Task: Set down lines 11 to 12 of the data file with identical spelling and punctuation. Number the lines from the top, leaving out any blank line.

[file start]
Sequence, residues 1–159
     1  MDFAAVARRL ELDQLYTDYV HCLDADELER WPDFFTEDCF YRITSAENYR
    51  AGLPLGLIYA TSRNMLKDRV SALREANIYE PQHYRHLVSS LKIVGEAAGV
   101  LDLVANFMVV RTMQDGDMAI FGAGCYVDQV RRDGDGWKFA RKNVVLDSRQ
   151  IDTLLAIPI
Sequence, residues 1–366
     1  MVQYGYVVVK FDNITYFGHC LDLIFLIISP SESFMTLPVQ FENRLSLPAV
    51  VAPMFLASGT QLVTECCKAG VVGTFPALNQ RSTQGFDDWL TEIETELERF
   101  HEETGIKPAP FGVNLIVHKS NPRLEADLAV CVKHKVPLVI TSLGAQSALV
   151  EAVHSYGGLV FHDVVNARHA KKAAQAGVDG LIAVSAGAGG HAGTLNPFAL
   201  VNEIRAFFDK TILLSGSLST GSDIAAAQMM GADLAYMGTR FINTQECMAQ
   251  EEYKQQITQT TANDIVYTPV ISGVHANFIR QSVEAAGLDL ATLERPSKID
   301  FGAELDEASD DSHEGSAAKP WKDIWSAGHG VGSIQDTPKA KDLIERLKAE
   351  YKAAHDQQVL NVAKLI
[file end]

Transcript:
   201  VNEIRAFFDK TILLSGSLST GSDIAAAQMM GADLAYMGTR FINTQECMAQ
   251  EEYKQQITQT TANDIVYTPV ISGVHANFIR QSVEAAGLDL ATLERPSKID